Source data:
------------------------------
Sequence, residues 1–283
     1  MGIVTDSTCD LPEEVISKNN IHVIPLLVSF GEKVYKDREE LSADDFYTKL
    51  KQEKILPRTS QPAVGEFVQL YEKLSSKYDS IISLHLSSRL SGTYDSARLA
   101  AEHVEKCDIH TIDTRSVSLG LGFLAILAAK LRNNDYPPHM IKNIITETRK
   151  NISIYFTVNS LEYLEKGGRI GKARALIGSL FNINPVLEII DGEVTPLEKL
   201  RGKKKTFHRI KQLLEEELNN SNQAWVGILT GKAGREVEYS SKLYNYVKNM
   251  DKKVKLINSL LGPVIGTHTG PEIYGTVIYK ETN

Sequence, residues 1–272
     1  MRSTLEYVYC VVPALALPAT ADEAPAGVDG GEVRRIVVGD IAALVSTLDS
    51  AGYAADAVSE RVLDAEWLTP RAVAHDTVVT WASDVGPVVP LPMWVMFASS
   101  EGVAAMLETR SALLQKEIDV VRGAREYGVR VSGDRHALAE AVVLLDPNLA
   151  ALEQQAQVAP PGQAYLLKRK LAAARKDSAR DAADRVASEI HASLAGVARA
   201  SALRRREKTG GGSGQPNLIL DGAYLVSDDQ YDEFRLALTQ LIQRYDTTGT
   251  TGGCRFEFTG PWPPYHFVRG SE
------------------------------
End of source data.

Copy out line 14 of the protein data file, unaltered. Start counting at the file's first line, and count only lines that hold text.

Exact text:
   251  TGGCRFEFTG PWPPYHFVRG SE